We try to work out what the current favourite to be next Tory leader actually stands for. Can his time as Mayor of London tell us what kind of PM he might be? Will his journalistic past come back to haunt him? Does he have a political philosophy beyond 'doing Brexit'? Plus we discuss whether the Johnson-Trump comparisons really stand up. With Helen Thompson and Chris Brooke.
We talk to the author of Guns, Germs and Steel about his new book on nations in crisis. Jared Diamond argues that personal crises are a good way of thinking about national ones. He tells us about one of his own personal crises and we see whether the lessons really apply to politics. Plus we discuss what's gone wrong with political leadership in the US and we explore what it would take to tackle the global environmental crisis.
As Theresa May's premiership gets very close to the end, we talk about who and what might be coming next. Can her successor re-establish the authority she has lost? Can anyone govern in this parliament or do we need a general election? Is the age of long-serving prime ministers also coming to an end? Plus we discuss what lessons can be drawn from the recent election in Australia: what does it tell us about the politics of climate change? With Helen Thompson and Chris Brooke.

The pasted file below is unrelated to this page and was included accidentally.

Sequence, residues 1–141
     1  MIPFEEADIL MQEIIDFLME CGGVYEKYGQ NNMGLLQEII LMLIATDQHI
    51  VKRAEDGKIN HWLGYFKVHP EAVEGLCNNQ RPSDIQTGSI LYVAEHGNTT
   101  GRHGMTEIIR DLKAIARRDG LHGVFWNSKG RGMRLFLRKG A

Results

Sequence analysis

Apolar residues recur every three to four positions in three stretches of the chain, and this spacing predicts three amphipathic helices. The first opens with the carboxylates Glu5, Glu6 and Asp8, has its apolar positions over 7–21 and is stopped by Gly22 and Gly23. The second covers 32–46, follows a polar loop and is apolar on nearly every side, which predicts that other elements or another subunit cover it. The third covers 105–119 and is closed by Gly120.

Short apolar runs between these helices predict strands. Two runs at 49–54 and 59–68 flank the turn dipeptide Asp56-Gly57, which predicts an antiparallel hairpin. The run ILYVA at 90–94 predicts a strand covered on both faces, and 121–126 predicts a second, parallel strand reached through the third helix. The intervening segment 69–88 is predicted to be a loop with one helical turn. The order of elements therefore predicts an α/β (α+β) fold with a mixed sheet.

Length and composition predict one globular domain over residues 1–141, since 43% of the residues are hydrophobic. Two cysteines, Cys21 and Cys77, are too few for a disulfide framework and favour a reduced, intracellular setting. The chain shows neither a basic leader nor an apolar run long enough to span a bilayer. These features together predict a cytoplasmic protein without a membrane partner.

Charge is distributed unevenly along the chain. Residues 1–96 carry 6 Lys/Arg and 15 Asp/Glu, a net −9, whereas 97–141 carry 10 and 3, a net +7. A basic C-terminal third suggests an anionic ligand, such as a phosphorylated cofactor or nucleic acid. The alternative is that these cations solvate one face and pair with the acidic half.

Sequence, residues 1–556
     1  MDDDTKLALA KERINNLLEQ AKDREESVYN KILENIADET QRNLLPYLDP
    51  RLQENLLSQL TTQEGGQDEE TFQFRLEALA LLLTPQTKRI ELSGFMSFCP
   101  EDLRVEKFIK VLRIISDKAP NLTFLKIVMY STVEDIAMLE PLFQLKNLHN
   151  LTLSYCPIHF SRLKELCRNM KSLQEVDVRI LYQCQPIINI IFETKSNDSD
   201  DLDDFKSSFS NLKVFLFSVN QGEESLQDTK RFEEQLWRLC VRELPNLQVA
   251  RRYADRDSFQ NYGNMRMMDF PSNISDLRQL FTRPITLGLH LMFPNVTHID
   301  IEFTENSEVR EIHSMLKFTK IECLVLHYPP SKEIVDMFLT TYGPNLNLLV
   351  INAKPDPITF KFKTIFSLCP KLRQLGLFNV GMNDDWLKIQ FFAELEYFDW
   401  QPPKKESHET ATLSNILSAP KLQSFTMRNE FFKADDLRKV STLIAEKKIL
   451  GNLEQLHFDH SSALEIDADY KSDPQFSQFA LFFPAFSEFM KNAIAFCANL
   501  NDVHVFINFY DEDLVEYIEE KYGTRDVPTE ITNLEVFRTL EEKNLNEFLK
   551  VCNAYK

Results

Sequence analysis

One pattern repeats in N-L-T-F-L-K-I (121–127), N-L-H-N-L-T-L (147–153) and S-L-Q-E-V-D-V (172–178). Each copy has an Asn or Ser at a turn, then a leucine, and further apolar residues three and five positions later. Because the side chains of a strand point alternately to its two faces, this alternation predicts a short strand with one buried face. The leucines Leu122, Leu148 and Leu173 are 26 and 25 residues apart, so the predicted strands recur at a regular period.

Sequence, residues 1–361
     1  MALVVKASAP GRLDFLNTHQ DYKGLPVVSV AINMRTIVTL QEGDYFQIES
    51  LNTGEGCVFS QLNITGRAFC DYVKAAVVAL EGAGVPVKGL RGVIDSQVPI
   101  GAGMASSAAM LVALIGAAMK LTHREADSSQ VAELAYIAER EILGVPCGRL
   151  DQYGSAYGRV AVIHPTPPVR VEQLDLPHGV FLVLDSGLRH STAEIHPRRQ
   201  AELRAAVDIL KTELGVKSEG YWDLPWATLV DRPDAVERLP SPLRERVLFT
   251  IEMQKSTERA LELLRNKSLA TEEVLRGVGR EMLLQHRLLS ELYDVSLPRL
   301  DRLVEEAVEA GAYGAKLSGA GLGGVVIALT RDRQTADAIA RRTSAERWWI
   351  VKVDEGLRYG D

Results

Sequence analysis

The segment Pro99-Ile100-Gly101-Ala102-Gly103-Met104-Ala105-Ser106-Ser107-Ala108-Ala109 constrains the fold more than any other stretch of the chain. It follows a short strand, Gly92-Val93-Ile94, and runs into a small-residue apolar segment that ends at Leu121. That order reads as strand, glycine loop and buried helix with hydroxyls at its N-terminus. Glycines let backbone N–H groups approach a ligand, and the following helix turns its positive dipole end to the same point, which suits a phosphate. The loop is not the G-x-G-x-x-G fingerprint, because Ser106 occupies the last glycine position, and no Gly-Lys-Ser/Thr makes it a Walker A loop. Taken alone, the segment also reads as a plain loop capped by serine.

David talks about the enduring influence of Gandhi with Ramachandra Guha, author of an epic new biography Gandhi 1914-194: The Years That Changed the World. A conversation about the politics of protest, the legacy of empire and the possibility of moral leadership. Plus, what was it like having Gandhi as your father?
Summer's over: politics is back! This week we return to the mystery inside the enigma that is Brexit to ask where Labour now stands. What is the big divide in the Labour movement: Is it MPs vs leader? Members vs voters? Young vs old? And what could a second referendum achieve anyway? Plus we try to make sense of the fraught fight over the definition of anti-Semitism. With Helen Thompson, Chris Bickerton and Waseem Yaqoob.
The Conservative Party now has barely 70,000 members, most of them aged over 60. Meanwhile Labour has over half a million, many of them young. What does this mean for the future of British politics? Can a party survive without members? Can Labour negotiate the divisions within its ranks? And what room is there for a new party of the centre? With Helen Thompson and Chris Bickerton.